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Bankrupt 'National Treasure'

The Bruckheimer bombast knocks this hunt for loot off course.

November 19, 2004|Carina Chocano | Times Staff Writer

Is it even possible anymore to make a Jerry Bruckheimer-style movie with a straight face? Can we absorb another army-of-one rogue hero, another blindingly beautiful blond love interest with a PhD, another pile-driving musical score accompanied by percussive choppers, more priceless artifacts blown to smithereens, more stolen kisses in the face of imminent (as if) death? Is it true that someone can write a scene in which Nicolas Cage uses the Declaration of Independence as a shield against bullets, and that, somewhere, it'll be considered a great idea?

Technically, yes, as Disney demonstrates with its new high-octane, eighth-grade field trip to the nation's capital and beyond, "National Treasure." Whether it's a good idea is another story. "National Treasure" may be an action-packed tear through the wildly unsubstantiated side of American history, but it has all the soul, wit and originality of a major co-branding campaign.

Admittedly, portraying a modern America without total brand saturation would be a little like portraying ancient Rome without sandals, but a movie has to come from the right place to feel if not completely authentic then at least more or less organic in its own fakey, man-made way. But its prodigious marketing effort overwhelms "National Treasure," and not just because of its impressive number of promotional tie-ins. (McDonald's, Verizon, Visa, Kodak, Dodge and NASCAR are part of the cross-promotion, as are the cities of Washington and Philadelphia.) The movie is just too willing to veer off into memorable merchandising moments, such as the scene in which Cage and Diane Kruger, who plays the beautiful Dr. Abigail Chase, a National Archives curator, take a trip to Urban Outfitters for a flirty, age-inappropriate costume change in adjoining dressing rooms, and the gift-shop scene starring Visa. Could an Oscar be far off for the beguiling plastic rectangle?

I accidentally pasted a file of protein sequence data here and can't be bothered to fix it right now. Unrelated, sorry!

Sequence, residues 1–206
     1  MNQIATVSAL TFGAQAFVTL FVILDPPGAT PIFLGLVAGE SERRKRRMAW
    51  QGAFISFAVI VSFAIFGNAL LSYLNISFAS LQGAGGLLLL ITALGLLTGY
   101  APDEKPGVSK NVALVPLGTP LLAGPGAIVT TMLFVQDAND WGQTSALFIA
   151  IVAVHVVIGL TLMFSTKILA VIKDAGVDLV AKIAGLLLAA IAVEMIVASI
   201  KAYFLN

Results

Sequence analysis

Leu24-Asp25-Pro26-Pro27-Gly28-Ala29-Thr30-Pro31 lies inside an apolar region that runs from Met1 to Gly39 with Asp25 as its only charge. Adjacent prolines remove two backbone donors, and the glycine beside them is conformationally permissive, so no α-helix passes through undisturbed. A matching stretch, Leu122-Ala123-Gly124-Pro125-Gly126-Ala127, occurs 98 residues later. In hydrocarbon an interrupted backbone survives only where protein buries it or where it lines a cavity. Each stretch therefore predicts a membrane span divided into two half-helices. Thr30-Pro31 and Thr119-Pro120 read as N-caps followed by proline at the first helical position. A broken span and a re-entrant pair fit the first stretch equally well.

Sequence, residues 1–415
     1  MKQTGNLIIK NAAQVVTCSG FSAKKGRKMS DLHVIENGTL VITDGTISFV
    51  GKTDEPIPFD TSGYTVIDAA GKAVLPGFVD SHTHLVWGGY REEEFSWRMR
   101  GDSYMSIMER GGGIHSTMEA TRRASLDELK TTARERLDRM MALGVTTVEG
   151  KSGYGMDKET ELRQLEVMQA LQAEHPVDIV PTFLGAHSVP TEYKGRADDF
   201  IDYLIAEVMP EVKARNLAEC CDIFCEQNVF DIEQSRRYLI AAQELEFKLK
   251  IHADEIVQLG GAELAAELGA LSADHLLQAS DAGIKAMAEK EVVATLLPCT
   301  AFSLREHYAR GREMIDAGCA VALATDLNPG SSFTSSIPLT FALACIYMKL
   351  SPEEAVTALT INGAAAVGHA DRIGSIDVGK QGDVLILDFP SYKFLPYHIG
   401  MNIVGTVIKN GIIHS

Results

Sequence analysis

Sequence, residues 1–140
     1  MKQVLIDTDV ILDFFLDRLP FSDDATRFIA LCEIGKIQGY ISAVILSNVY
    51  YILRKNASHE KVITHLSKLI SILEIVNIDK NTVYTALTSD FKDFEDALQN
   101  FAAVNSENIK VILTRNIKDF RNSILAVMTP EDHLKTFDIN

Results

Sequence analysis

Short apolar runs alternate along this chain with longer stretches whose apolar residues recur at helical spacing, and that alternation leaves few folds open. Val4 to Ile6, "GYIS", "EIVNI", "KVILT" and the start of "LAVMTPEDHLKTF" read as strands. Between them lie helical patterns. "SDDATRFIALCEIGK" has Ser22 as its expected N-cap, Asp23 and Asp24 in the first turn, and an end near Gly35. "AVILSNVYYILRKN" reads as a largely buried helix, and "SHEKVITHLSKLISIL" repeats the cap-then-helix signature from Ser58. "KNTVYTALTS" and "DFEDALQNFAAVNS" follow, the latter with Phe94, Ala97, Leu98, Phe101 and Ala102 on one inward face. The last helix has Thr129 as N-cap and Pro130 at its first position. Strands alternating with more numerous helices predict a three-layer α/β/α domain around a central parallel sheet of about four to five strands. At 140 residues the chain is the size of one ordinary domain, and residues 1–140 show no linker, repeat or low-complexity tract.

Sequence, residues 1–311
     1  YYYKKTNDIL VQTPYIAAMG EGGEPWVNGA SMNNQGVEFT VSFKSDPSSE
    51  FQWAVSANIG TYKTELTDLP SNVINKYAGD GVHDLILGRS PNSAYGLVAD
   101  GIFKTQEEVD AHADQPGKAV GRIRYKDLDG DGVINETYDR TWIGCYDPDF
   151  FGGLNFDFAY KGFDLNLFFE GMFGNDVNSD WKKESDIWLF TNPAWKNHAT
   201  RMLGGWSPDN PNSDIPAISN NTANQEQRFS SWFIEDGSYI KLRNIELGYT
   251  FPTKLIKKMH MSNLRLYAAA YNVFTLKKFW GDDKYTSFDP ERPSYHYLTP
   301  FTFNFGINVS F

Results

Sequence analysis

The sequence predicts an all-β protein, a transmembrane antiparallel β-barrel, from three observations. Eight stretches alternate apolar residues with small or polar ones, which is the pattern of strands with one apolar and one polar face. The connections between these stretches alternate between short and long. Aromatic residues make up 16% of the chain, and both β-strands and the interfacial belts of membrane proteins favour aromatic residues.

Cage laconically plays Benjamin Franklin Gates (let's unpack that name later), a fifth-generation treasure hunter (or, as he likes to say, "treasure protector") whose family has been on the Knights Templar booty trail for generations, about as long as they've been mocked by "the respected historical community" (historians are such snobs). Ben's dad (Jon Voight) is understandably bitter about it, but Ben is a firm believer. According to family legend, which Grandpa (Christopher Plummer) imparts during a lengthy debriefing in a memento-strewn attic, the marauders of antiquity's hot spots -- shown in flashbacks slaying Egyptians and Romans and looting what looks like Cecil B. DeMille's prop room -- over the centuries amassed an impressive war chest, which was hidden, forgotten and rediscovered by the crusading medieval knights who eventually spawned the Freemasons. Given that many of America's Founding Fathers were Freemasons, and that the dollar is stamped with, well -- you know, the family is convinced they must have known something about the location of the secret stash.

The start of the movie finds Ben and his trusty sidekick, techno-wizzy youth and constant commentator Riley Poole (Justin Bartha), on an Arctic expedition with his rogue millionaire benefactor, Ian Howe (Sean Bean), a sort of bad man's Richard Branson. Something tells me that if one were to find a mid-19th century British ship embedded in a polar ice cap, it might be under more than just three feet of snow. But then, I'm no expert, as Riley -- who is one -- likes to say before launching into a barrage of technical jargon without which treasure hunting might look disappointingly like a cakewalk. It's here that Ben figures out -- in two seconds flat -- that the map to the treasure is stamped in invisible ink on the back of the Declaration of Independence. A disagreement over what to do about that ensues -- Ian wants to "borrow" it, Ben's patriotism rears -- and following a series of explosions, Ian and Ben part company. The rest, as they say, is Bruckheimer.

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